Tuesday, July 8, 2008

Ireland rocks-- and not just Bono!

Ireland continues to be an economic stand-out in Europe-- one of the freest countries in the world, quite a turn-around from even 20 years ago. They also stand out politically, as evidenced by this op-ed in the WSJ...

Irish voters struck a blow for democracy in Europe this week, stopping a power play by the Continent's political elites. On the ballot was the Lisbon Treaty, which European Union grandees in Brussels pitched as a tidying-up exercise to make the bloc's institutions work better. Most everyone else saw Lisbon for what it really was: An attempt to sneak through a dolled-up version of the failed "EU Constitution."

That constitution was hailed as Europe's entrée to a U.S.-size presence on the world stage, complete with a non-elected president and a beefier defense and foreign policy. It was rejected by French and Dutch voters in 2005. Rather than respect that decision, Brussels simply made cosmetic changes and asked governments not to put such a major EU overhaul before voters.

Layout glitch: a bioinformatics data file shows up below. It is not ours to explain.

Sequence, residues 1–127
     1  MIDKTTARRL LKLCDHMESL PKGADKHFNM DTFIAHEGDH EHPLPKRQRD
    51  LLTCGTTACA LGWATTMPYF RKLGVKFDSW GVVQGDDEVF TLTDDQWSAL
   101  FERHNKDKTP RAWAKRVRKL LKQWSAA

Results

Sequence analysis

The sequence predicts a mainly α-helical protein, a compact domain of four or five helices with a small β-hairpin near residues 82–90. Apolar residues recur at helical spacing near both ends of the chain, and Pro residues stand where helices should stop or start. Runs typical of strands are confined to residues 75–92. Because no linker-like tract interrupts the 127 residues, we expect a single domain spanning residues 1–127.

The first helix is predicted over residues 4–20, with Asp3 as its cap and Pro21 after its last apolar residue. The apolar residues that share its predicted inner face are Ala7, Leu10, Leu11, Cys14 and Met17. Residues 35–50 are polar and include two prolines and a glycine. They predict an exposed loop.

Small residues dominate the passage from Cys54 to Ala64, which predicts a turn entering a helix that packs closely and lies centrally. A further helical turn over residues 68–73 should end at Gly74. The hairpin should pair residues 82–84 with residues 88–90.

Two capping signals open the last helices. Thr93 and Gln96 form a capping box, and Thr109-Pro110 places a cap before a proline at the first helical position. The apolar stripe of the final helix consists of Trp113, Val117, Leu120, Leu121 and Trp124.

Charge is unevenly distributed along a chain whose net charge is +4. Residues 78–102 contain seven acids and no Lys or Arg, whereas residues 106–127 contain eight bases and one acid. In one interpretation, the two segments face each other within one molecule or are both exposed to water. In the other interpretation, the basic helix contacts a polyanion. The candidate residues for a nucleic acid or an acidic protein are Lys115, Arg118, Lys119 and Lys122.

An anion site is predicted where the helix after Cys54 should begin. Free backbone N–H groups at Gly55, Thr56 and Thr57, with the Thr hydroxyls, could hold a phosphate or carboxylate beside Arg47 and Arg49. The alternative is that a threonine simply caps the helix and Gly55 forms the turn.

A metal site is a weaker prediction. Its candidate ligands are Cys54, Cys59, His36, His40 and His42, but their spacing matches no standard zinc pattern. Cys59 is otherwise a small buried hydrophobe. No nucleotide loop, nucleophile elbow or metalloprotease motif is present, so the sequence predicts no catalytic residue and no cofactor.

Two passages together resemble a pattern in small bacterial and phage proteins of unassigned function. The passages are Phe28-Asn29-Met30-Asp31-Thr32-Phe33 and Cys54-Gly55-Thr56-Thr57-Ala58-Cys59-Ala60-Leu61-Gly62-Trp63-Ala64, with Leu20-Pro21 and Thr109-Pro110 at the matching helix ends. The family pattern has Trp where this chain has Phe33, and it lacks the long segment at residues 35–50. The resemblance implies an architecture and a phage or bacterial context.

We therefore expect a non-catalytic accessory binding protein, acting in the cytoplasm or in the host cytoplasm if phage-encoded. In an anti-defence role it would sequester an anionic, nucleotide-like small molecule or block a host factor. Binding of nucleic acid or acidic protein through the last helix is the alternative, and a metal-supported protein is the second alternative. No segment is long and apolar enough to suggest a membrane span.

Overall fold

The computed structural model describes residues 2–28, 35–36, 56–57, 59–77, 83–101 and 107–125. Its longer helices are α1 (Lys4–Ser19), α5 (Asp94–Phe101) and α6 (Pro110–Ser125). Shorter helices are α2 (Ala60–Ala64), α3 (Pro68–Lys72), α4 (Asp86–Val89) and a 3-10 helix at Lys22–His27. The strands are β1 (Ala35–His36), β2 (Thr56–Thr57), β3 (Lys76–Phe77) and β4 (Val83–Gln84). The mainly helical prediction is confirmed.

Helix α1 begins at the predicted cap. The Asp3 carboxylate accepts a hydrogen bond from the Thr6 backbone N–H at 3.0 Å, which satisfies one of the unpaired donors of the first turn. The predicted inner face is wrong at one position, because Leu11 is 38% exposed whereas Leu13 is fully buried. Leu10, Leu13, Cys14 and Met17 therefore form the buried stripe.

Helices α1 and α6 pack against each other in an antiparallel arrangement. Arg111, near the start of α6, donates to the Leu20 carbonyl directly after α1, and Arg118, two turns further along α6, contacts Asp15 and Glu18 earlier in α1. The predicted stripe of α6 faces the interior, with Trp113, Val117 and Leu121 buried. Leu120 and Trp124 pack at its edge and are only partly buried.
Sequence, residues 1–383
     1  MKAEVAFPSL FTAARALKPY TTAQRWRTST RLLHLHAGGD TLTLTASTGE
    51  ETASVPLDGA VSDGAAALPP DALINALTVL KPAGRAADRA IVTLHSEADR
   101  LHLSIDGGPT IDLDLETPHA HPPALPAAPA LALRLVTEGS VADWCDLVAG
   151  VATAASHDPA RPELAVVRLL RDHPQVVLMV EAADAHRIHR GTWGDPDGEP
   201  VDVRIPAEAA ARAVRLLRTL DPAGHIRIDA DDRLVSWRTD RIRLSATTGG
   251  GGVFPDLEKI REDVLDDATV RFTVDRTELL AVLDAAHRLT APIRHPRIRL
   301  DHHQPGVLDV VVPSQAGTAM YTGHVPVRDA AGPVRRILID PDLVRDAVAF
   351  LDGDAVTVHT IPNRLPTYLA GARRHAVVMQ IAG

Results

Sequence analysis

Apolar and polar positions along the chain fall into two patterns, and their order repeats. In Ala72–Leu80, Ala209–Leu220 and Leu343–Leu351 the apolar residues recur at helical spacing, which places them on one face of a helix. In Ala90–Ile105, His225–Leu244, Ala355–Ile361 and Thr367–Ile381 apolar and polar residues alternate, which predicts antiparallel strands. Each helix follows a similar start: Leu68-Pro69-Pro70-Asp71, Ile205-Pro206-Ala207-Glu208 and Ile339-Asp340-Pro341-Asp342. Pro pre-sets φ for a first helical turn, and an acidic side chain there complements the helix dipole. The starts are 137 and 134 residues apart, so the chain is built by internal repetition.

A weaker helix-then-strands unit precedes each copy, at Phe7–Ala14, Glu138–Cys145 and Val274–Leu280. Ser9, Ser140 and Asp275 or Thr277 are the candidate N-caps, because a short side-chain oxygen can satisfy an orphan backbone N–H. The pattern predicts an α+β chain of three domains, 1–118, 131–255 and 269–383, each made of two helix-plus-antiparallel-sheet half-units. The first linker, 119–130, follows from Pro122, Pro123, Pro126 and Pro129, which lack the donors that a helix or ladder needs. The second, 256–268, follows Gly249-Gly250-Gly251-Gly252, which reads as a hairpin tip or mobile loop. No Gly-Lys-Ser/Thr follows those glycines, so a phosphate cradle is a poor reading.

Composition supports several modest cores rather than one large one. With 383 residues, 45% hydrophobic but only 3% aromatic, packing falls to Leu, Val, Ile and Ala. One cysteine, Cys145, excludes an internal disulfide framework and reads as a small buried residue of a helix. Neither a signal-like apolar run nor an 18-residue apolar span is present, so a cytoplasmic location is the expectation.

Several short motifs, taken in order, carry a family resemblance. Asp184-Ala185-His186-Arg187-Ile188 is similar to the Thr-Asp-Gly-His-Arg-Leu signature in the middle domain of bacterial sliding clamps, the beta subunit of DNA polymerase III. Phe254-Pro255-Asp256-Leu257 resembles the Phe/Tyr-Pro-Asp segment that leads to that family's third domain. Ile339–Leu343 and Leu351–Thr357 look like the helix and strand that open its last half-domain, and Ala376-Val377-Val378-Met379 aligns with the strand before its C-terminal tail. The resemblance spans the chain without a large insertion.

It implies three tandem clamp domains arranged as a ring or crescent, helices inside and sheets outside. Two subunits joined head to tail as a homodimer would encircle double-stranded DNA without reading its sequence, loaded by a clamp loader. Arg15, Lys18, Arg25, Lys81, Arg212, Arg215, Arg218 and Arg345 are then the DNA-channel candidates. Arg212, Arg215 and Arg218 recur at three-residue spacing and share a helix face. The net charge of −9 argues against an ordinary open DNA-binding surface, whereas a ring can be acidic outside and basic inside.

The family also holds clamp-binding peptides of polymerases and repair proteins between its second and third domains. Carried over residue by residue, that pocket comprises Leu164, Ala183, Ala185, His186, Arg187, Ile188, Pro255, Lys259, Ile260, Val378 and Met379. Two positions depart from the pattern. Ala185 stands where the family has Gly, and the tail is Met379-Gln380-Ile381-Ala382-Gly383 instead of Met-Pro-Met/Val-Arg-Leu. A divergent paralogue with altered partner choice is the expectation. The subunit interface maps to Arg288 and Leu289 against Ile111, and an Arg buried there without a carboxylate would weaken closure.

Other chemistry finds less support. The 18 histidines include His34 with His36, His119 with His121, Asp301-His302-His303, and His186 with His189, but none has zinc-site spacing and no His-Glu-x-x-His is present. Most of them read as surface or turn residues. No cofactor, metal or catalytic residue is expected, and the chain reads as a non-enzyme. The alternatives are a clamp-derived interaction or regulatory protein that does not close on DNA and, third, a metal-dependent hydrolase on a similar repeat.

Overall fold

Twenty-six EU members sent the treaty to their legislatures. But Irish law mandates referendums for international treaties to maintain the island nation's neutrality. And in Thursday's referendum, 53% of the Irish voted "no."

Where does the EU go from here? There will be hand-wringing from those who dream of one EU super-state not under God, and jubilation from those who'd like to kill the entire project. Both emotions are exaggerated. The current arrangements are satisfactory for the EU to function, and the Lisbon Treaty won't be missed. The lesson from Ireland is that European politicians need to sell their grand plans in the open, not via stealth, especially when those plans dilute national sovereignty.

The EU doesn't need a new treaty to play an important role in the world. It needs political will, whether on terrorism or free trade. On this score, the EU has done better of late. Stronger leaders – Angela Merkel and Nicolas Sarkozy – have replaced Gerhard Schröder and Jacques Chirac. Labor laws and tax codes have been liberalized. As President Bush's European tour this week shows, EU nations are eager to work with the U.S. even if they don't love its leader. They recognize more clearly of late that shared values and interests are the glue of the trans-Atlantic alliance....

The Irish have previously shown Europe how to solve some of those economic problems. They accepted the euro as a currency, using its efficiencies to attract capital and achieve a prosperity unknown in the country's long history. Now they have sent another mature lesson to Europe – namely, that the advantages of union do not also require ceding political sovereignty to the Brussels bureaucracy.


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